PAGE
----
In this newsletter, we return to our exploration of the intestinal tract from a natural health perspective, but this time we shift gears a bit. So far, we’ve covered everything from the mouth through the duodenum (taking time to discuss the ancillary outpouchings along the way: the pancreas, liver, and gallbladder). And throughout, the emphasis has been on digestion. But now as we reach the small intestine, things change. Absorption becomes the dominant issue. Yes, a great deal of digestion still occurs in the small intestine, and we will cover that, but the overall emphasis is on absorption. In fact, if you ignore exceptions like the direct absorption of alcohol from an empty stomach, close to 100% of all nutrient absorption in the human body takes place in the small intestine. Obviously then, its proper functioning is crucial to our health.
In this issue, we will explore the anatomy of the small intestine to give us a functional understanding of how it is constructed to do its job and also provide us with a shared vocabulary that we can subsequently use as we explore exactly how the small intestine completes digestion of food and selectively absorbs the nutrients your body needs.
Macro anatomy of the small intestine
The small intestine, also called the small bowel, serves two primary functions in the body.
- If the diet consists primarily of cooked and refined carbohydrates and fats, and if no supplemental enzymes are taken with your meals, these compounds will be mostly intact when they reach the small intestine. Digestive juices in the stomach work on proteins, not carbs and fats. That means that for most people, the small intestine is the final stage for the enzymatic digestion of carbohydrates and fats – keeping in mind that oftentimes they are never fully digested and pass unabsorbed into the bowel where they contribute to gas and bloating as bacteria begin to work on them.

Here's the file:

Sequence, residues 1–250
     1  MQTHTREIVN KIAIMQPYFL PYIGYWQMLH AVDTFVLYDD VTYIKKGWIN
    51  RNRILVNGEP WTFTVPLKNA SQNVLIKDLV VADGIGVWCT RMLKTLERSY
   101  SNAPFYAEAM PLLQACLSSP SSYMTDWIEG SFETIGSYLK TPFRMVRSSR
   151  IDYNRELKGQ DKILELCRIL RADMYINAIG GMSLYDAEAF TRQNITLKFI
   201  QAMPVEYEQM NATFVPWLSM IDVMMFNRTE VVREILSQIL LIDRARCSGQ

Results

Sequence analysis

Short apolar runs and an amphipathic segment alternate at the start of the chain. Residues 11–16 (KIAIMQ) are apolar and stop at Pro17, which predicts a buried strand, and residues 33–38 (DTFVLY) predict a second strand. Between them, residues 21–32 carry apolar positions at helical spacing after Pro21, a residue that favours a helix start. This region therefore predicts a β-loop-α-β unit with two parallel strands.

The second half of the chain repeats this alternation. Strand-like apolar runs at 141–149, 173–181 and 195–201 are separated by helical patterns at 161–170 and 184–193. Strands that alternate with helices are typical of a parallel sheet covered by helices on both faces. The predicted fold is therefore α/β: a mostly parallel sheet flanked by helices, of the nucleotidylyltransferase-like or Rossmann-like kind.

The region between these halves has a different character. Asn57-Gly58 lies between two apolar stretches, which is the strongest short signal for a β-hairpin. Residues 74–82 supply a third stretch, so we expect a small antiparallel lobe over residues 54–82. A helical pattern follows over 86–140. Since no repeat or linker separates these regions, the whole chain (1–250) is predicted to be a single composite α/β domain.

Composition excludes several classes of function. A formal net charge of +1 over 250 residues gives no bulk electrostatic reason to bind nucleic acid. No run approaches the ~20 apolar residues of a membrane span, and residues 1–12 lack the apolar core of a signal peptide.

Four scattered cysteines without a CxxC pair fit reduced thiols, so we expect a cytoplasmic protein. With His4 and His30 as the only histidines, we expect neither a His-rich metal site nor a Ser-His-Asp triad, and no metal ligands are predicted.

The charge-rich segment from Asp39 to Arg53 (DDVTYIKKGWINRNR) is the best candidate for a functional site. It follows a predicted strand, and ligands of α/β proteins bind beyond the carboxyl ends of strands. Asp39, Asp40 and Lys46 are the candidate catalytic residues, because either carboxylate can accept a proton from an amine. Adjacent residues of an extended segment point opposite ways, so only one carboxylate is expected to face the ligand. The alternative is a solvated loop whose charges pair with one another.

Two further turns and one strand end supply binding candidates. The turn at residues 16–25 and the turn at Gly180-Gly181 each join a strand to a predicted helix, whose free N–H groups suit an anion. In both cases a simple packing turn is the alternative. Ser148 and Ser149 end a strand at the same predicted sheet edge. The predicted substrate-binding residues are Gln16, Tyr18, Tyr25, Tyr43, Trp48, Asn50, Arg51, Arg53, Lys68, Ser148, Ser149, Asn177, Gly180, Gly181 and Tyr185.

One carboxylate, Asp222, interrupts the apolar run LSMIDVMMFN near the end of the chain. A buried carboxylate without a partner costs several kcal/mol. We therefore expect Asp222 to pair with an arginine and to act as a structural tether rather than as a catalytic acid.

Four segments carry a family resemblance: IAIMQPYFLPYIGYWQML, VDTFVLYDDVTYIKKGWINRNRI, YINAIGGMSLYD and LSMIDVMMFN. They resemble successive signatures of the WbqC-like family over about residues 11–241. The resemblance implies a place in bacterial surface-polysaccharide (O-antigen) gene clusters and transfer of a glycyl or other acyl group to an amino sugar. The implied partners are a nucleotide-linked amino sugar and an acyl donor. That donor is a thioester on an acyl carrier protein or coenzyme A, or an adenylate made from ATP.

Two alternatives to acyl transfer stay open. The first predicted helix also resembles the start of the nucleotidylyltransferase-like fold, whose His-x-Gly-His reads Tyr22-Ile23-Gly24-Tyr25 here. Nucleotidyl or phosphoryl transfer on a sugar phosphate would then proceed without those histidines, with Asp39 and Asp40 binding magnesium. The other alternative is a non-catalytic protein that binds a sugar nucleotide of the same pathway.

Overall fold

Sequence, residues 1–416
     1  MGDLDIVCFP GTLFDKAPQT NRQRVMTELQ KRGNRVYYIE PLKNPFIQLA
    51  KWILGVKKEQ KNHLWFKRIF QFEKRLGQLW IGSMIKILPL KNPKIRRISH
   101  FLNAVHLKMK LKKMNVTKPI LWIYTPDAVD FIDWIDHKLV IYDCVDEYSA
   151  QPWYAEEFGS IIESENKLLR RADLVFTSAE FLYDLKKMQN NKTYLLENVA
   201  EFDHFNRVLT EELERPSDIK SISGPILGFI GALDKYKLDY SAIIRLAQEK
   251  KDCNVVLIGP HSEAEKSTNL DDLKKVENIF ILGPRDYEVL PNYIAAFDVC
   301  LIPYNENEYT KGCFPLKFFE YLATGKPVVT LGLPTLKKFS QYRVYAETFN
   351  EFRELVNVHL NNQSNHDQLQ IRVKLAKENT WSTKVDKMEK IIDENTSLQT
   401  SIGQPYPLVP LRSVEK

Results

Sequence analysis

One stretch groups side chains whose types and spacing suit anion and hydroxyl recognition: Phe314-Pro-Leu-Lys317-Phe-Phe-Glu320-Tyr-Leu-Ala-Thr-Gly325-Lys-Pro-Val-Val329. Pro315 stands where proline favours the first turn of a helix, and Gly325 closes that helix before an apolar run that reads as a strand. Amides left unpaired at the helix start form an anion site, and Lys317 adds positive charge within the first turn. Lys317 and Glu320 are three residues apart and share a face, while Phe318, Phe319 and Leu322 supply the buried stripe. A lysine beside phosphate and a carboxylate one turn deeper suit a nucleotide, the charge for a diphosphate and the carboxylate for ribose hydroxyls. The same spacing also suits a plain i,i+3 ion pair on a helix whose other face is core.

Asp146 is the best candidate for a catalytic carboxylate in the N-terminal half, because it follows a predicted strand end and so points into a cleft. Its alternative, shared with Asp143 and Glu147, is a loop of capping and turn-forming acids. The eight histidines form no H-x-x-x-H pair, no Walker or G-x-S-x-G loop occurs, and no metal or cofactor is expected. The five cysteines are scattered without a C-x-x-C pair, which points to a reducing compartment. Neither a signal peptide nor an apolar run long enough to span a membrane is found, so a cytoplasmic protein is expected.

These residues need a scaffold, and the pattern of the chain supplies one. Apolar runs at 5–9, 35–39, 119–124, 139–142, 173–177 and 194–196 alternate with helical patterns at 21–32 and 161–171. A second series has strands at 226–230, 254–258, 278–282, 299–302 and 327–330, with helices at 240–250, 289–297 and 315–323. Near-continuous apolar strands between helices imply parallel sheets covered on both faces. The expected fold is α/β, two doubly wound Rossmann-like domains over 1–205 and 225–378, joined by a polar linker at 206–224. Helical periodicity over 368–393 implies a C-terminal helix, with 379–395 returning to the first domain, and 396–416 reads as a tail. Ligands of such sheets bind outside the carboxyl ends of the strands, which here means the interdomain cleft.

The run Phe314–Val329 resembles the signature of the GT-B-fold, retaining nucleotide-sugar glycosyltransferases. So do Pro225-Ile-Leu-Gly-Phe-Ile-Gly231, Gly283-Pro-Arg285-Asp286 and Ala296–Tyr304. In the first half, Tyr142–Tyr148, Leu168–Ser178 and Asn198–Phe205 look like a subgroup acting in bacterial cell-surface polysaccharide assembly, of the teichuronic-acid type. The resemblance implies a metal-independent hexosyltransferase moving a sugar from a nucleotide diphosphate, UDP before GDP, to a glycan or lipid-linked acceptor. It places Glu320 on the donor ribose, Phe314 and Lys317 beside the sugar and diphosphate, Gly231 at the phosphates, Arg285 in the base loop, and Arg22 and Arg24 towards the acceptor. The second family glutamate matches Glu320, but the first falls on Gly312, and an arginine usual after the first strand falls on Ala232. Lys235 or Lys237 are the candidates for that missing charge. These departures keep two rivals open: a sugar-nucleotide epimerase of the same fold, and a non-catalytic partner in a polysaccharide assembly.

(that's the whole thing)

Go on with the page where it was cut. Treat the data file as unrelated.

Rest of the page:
- That said, the primary role of the small intestine is the absorption of nutrients broken down by digestion. These include, the absorption of:
- Proteins (amino acids)
- Carbohydrates (monosaccharides)
- Fats (lipids)
Technically, the small intestine begins at the pylorus valve that separates the stomach from the duodenum and ends at the ileocecal valve that separates the ileum from the large intestine. The bulk of the small intestine is suspended from the body wall by an extension of the peritoneum called the mesentery. The small intestine is approximately 20-23 feet long, depending on how and when it’s measured, and it is divided into three sections:
Although precise boundaries between these three segments of bowel are not readily observed, there are microscopic structural differences among them.